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Guitar Strumming Lessons

This series of guitar strumming lessons will take you from the basics (literally, how to strum the guitar) right through to more advanced strumming patterns and techniques.

There'll be video, audio and clear diagrams to help you, plus some backing tracks you can strum along to.

Strumming is a staple rhythm guitar technique that all guitarists should be confident with. It underpins many songs, as one way of providing the underlying, rhythmic chord progression or melody.

In genres like funk, it plays a more prominant role in shaping rhythm and timing.

Work your way through the course step by step. The first lesson is very basic, so if you can already strum simple patterns, you can probably skip it without missing anything.

1) Beginner guitar strumming - strumming basics.

2) Strumming technique - essential strumming technique.

3) Strumming patterns - more complex patterns and muted strumming.

4) Strumming timing - timing your strumming through chord changes.

Guitar strumming basics and tips

This course applies to both acoustic and electric guitar playing, as the strumming action is the same for both. Even the positioning of your strumming path falls around the same area. See below...

Acoustic - standard strumming path over the sound hole:

strumming path over acoustic guitar sound hole

Electric - standard strumming path around the first pickup:

strumming path over neck pickup of electric guitar

You aren't, of course, tied to those paths, as different positions create different sounds (for example, strumming and picking close to the bridge gives you a sharper, crisper tone), but most of the time you'll be using this standard position for a well balanced tone.

Some key points to remember before we get started...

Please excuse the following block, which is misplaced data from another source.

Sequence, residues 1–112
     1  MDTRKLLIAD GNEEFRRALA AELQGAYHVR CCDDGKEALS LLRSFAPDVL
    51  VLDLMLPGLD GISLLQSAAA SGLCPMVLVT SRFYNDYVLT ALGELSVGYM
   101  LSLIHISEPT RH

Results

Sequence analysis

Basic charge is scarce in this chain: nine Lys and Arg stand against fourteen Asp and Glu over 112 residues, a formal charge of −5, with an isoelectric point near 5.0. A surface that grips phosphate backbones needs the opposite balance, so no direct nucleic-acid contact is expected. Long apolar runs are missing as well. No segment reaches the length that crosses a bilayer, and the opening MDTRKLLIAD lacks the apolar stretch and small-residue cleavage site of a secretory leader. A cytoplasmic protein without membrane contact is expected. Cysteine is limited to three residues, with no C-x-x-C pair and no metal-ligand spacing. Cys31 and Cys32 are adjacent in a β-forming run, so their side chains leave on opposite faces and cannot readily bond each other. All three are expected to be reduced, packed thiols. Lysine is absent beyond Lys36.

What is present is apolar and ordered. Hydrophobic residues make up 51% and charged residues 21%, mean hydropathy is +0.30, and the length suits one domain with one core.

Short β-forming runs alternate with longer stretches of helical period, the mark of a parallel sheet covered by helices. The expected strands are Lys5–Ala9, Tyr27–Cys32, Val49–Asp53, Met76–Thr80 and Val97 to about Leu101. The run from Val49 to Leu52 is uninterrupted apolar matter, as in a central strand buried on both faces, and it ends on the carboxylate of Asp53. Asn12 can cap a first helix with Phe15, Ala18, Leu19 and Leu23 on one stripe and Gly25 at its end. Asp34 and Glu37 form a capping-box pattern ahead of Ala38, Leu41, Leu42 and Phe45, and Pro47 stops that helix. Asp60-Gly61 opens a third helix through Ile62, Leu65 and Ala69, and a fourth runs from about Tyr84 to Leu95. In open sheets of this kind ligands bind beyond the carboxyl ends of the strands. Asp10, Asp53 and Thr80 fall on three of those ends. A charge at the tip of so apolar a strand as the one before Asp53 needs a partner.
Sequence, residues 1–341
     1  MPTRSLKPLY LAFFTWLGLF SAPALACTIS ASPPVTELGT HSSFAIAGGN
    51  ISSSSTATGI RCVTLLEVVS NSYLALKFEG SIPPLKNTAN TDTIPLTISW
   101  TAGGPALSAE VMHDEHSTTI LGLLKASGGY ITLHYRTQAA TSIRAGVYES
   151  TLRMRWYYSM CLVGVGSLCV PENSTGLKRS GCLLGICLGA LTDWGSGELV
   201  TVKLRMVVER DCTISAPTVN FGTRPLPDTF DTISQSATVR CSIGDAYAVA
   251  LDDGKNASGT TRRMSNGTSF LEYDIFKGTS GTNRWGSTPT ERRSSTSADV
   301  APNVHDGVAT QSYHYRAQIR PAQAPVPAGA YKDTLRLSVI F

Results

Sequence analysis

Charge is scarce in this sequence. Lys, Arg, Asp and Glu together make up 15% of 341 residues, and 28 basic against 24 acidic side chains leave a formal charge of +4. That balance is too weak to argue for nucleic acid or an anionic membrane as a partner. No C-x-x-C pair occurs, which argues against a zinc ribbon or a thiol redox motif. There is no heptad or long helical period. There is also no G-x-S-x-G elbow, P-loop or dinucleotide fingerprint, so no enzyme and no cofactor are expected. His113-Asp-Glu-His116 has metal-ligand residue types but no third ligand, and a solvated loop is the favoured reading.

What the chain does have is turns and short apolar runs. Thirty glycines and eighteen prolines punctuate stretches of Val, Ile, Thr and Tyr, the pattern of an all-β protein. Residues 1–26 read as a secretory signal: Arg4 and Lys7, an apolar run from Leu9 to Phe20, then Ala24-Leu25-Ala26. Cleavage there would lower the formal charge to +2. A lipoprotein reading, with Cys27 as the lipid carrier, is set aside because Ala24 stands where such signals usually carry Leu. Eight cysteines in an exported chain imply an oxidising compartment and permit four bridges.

Sounds obvious, but it's easy to tense up when you feel you need more control when strumming more complex patterns. Try and keep your arm and wrist relaxed. Let the plectrum brush over the strings rather than jab at them. Even if you're strumming aggressively, keeping relaxed is still the most important thing.

Keep both your wrist and forearm flexible

Although you will need to move your forearm, your wrist should also be quite loose and free-flowing. Keeping your wrist stiff, and relying on your forearm alone will obstruct your strumming path. Some strumming techniques require very little movement from the forearm, so get into the habit now of using that wrist joint as the secondary pivot point, with your forearm as primary, for support and driving power (when you need it).

Think about avoiding unwanted strings

Many chords don't require the use of the low E string, or even A string, so obviously you'll want to try and avoid these when down strumming. Through regular practise, you will learn to target your downward strumming attack to start on the correct string, most often the lowest string in the chord you're playing.

If it's just the low E string you need to avoid, you can use the following muting technique (if your hands can accomodate it):

photo showing the thumb muting the low E string

Let's take a closer look...

close up of thumb muting the E string

My thumb curls over the top of the guitar neck just enough to touch the low E string, which mutes it. To compensate, you'll need to pull your wrist up slightly from it's regular position.

Now, I understand this is a bit more difficult for those of us with smaller hands, but if you can't physically use this method, keep practicing avoiding those unwanted strings, simply by not picking/strumming them and you'll be fine.

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